GnuPG key with subkeys garbled by PGP 5?

L. Sassaman rabbi at
Thu Aug 31 18:28:24 CEST 2000

Hash: SHA1

There have been problems with GnuPG's handling of subkeys for some time.
(I'm not 100% sure if the problem stems entirely from GnuPG, but there are
clearly compatability problems with PGP keys that have multiple subkeys.)

On Thu, 31 Aug 2000, Rich Wales wrote:

> I created an experimental GnuPG key, with three subkeys.  You can
> find it at:
> The key ID is:  0xa0301298
> I submitted this key to the key server.  The server
> accepted the key, but also gave me the following error message:
>     Your key block contained 2 format errors,
>     which were treated as if the erroneous elements
>     hadn't been part of your submission.
>     The last error was on key 0x329a8cb5:
>     Key block corrupt: more than one signature on subkey
> I don't know anything about a key with ID 0x329a8cb5, by the way; I
> don't have any such key in my own GnuPG or PGP keyrings, and a search
> of the MIT key server for this key ID came up empty.  I assume the key
> server was misinterpreting some of the data in my key.
> I then retrieved the key I had just submitted, and added this copy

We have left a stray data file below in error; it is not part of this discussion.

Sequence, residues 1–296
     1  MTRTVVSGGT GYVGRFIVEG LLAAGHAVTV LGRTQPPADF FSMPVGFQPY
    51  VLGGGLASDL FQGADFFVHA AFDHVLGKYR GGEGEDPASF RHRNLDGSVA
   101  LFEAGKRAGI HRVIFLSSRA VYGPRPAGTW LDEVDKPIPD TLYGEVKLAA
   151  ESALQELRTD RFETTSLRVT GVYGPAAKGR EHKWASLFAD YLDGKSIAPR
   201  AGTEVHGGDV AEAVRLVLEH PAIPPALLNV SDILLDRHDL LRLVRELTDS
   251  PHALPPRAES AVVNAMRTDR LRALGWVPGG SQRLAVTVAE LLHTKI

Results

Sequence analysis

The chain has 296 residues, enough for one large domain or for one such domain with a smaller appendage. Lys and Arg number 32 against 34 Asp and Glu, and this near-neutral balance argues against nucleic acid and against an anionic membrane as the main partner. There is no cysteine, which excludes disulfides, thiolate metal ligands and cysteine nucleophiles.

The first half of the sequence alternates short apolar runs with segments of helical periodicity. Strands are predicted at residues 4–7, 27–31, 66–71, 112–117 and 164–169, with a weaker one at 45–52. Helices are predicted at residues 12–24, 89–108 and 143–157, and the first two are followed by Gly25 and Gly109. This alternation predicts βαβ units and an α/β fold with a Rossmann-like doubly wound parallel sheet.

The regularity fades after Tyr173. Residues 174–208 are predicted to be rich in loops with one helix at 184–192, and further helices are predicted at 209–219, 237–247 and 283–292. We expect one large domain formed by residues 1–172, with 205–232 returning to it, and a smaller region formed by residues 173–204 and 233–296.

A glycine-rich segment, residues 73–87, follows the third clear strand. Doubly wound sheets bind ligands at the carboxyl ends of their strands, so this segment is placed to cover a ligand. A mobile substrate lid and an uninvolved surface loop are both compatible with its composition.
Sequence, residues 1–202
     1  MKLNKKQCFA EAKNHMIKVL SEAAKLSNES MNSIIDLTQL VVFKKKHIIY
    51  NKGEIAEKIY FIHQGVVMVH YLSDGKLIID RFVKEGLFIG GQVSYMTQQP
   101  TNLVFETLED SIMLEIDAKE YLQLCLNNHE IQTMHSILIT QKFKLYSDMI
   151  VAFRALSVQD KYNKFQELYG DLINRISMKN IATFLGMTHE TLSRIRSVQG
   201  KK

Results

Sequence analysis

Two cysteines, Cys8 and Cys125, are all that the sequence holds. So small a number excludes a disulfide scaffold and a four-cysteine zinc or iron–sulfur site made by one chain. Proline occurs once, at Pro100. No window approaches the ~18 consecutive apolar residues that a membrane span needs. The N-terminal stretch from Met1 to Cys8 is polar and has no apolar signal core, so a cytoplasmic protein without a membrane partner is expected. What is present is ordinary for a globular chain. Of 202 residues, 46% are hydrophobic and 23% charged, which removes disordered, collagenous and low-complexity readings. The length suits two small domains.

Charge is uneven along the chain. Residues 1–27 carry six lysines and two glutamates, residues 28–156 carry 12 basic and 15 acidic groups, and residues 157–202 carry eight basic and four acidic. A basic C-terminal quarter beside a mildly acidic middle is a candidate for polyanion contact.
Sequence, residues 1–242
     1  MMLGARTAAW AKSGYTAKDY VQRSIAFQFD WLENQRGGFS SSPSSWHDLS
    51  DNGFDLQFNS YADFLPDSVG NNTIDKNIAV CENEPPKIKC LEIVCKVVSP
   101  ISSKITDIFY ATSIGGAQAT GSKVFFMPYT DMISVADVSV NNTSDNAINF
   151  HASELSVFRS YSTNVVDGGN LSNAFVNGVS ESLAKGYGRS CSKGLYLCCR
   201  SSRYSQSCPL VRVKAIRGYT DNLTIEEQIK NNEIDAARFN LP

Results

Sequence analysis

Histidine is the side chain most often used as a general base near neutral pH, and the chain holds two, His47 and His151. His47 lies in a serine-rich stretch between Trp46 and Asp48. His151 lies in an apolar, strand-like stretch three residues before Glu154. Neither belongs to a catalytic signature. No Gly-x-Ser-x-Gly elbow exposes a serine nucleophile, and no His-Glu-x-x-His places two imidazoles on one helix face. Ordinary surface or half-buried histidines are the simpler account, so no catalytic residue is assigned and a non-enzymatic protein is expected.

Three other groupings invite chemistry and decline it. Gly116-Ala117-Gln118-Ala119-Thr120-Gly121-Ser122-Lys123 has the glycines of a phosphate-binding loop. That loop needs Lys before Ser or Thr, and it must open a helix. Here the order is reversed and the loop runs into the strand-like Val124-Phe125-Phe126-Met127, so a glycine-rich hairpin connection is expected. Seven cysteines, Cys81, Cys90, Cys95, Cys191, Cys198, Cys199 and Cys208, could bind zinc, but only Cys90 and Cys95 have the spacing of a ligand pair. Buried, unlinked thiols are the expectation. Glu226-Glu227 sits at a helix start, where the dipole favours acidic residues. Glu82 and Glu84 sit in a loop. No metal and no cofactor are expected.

> of my key to my PGP 5 keyring (all of this is on a UNIX system).  I
> did "pgpk -ll 0xa0301298" and got output showing an expiration date
> on the main key (which isn't really supposed to expire at all), and
> no expiration dates on the subkeys (all of which are supposed to
> expire in late November).
> I removed the key from my PGP 5 keyring and added my original copy
> of the key instead.  When I listed the key using PGP 5, the expiration
> dates of the subkeys were correct, but the main key was still showing
> a spurious expiration date.
> I repeated both the above experiments with PGP 6.5.1i, with the same
> results.
> There clearly seems to be one or more bugs here.  Is it (or are they)
> in:
> ==> PGP 5/6, by misinterpreting the expiry info in my key?
> ==> the MIT key server software, by mishandling my GnuPG key?
> ==> GnuPG, by creating a key that doesn't conform to the specs?
> Anyone who wants to look into this should, I assume, be able to do so
> by taking my original key (on my Web site as indicated above) and the
> copy of the key on the key server.
> Rich Wales         richw at


L. Sassaman

Security Architect             |  "Lose your dreams and you
Technology Consultant          |   will lose your mind."
                               |        |       --The Rolling Stones

Comment: OpenPGP Encrypted Email Preferred.


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